At the end of the day, certificates of completion were presented to each student in recognition of their participation and hard work as they discovered new principles, practiced new teaching methods and processed a lot of new material throughout the week - David Crist

Jung remarked how wonderful it has been to have David Crist and Joanna Geiger back for this CHE training. He noted, "They are spiritually mature, understand the culture, and are, most of all, humble servant leaders."  He also added his thanks to everyone for your support and prayers for this ministry and the students.
As Dr. Bjorn Nilson and Rick Astone arrive to continue the medical training of our students, look forward to more reports and updates on the Barefoot Doctor School.  Thanks for reading these posts, and thanks for your prayers.
Jon Ulm

Thursday, January 22, 2015

Day Four of CHE Training

Today's training began with a review of the CHE core values. The review began with Pastor Jung sharing his experience in helping a northern Thailand village install a water system. He told the students that, because of his using the core values to guide him through the process of working with the village leadership, money and time was saved as well as a sustainable system of ongoing village run maintenance was established.
 The students were then asked to identify activities in the project that indicated one or more of the core values taking place. They were quick to point out the significance of the large amounts of time and effort Pastor Jung spend in building relationships with government and local leadership. They also pointed to the ownership the community expressed in the water system by the money, labor and their own resources they contributed. This review exercise underscored the core values through a real project and gave them a practical example of how they could put the core values to use in their own context.

The core values review led into a discussion about the importance of an invitation by those who need help and that it is crucial to the success of a project. They learned that an invitation was an indication of interest to improve and most likely would lead to positive change. They understood that an invitation from a family to have a Barefoot Doctor teach them about disease prevention was an indication that there would be a change in behaviors and the establishment of good health habits.

The afternoon sessions focused on the topics where health prevention could be taught in their communities. Their list was quite extensive but the most mentioned places were at church, schools, homes and mandatory community meetings called by community leaders. The point was then made that the main objective of teaching prevention was not information dissemination but changed behavior. One of the important conclusions made was that one of the most effective ways to encourage changed behavior is to build trust relationships where people know they are valued and loved - David Crist
Bolu's Testimony.
Hello, my name is Bolu from Gumling Village, Nongmong District, northern Myanmar.  This is my second year CHE training with David and Joanna.  I must admit that I did not fully grasp the CHE principles or core values we learned last year and how these principles would fit with my role as a barefoot doctor.  But this year studying more with David and Joanna has widened my horizons.  Now I see how important these principles and CHE methods are as tools to change people's attitude. These methods will help mobilize them, get their cooperation, and help us to be better facilitators.  I want to thank David and Joanna for teaching and leading us patiently and for making our class lively every day.  Now I have a better idea how I can be a better barefoot doctor by using CHE principles.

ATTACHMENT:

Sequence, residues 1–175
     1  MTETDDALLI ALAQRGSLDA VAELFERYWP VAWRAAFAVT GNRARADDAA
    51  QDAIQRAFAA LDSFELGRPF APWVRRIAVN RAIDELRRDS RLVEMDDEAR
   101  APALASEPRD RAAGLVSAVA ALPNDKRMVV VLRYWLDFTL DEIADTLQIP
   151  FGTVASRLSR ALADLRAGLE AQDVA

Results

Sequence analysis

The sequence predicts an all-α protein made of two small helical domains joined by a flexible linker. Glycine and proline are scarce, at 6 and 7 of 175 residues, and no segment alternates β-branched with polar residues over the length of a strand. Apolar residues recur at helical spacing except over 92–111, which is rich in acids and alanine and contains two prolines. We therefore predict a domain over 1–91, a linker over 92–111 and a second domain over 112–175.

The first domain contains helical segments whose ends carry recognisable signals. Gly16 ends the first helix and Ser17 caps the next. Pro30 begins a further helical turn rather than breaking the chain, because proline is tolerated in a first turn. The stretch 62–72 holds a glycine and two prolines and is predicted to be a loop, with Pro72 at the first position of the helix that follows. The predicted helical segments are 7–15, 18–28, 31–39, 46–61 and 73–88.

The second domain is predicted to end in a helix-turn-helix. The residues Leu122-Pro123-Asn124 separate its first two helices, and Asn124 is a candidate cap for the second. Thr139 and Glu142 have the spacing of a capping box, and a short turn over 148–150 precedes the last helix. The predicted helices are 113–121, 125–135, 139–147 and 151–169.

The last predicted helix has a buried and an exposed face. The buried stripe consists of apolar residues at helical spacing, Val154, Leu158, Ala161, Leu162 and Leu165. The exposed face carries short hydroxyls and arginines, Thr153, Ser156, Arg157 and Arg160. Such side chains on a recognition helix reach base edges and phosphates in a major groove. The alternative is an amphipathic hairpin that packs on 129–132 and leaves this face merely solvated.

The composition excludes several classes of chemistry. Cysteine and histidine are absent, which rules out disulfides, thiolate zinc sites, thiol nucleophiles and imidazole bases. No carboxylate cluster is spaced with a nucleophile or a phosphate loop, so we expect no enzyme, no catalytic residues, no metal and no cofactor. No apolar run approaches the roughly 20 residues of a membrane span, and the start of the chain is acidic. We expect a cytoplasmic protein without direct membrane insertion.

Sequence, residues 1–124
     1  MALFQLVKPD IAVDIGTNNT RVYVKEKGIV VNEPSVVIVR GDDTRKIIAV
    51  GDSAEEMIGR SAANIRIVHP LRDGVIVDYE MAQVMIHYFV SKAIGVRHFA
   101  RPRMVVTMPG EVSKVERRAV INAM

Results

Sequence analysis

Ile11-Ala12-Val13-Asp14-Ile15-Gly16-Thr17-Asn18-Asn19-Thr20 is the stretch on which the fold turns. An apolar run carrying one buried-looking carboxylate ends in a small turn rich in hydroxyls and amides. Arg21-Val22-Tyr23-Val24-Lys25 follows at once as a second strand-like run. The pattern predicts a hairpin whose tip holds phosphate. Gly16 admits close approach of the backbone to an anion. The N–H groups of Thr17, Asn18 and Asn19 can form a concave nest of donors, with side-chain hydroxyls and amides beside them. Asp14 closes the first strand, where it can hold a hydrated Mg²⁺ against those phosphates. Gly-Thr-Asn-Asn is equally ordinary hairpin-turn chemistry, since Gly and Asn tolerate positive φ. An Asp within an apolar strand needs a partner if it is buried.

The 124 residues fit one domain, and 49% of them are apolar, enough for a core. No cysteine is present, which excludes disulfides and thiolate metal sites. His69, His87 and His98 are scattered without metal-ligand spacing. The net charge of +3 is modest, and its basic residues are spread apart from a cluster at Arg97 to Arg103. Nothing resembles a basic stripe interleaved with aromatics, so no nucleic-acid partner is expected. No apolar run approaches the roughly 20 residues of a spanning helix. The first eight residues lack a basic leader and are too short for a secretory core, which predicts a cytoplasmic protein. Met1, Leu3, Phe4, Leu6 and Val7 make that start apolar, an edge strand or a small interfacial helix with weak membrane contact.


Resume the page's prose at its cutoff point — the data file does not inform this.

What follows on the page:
Wednesday, January 21, 2015

Day Three of CHE Training at the KLC

Here is a summary of Day Three from Joanna, one of the CHE instructors.

Today we had the participants do the heavy lifting.  The participants were split into groups, given a health topic and told to come up with an hour lesson.  We concentrated yesterday on creative teaching tools and have been trying to point out good facilitation techniques all week. 

Today many of the students used the tools we discussed yesterday, putting in practice what they learned.  We saw a lot of creativity with songs, skits and games.  Some tried different formats for their lessons and others incorporated riddles and a race!  We focused a lot on the difference between giving a lecture and facilitating learning. Many had to put into practice a style of learning they have never used before.  They did a great job working through initial discomfort and nerves!  
Our goal was that they might have a little practice in facilitation and crafting lessons.  We hope that the participants will be equipped to facilitate learning in their communities.  These could also help them with multiplication of their work where simple preventative lessons could make a big impact.
It's also a good practice to learn how to formulate questions to stimulate discussion.  They also had to learn to manage group work, keep on topic and manage the time in a lesson.  They all did a great job, especially giving feedback and helping create a safe place to make mistakes and learn how to do this "facilitation" thing better - Joanna Geiger -

Jung Dangshing sent me the teaching schedule for this week of CHE.  I thought you all might like to see it as well.